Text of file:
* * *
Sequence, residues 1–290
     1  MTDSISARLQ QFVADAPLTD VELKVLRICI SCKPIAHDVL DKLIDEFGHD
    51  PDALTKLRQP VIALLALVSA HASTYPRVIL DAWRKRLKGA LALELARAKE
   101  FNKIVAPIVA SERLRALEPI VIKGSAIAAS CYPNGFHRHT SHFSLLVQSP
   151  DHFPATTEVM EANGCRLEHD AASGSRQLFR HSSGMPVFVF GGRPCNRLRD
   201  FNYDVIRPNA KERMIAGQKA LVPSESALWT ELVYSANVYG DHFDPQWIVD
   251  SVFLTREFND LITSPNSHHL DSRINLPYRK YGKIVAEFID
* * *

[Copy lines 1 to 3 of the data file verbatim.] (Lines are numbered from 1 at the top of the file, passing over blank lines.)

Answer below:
Sequence, residues 1–290
     1  MTDSISARLQ QFVADAPLTD VELKVLRICI SCKPIAHDVL DKLIDEFGHD
    51  PDALTKLRQP VIALLALVSA HASTYPRVIL DAWRKRLKGA LALELARAKE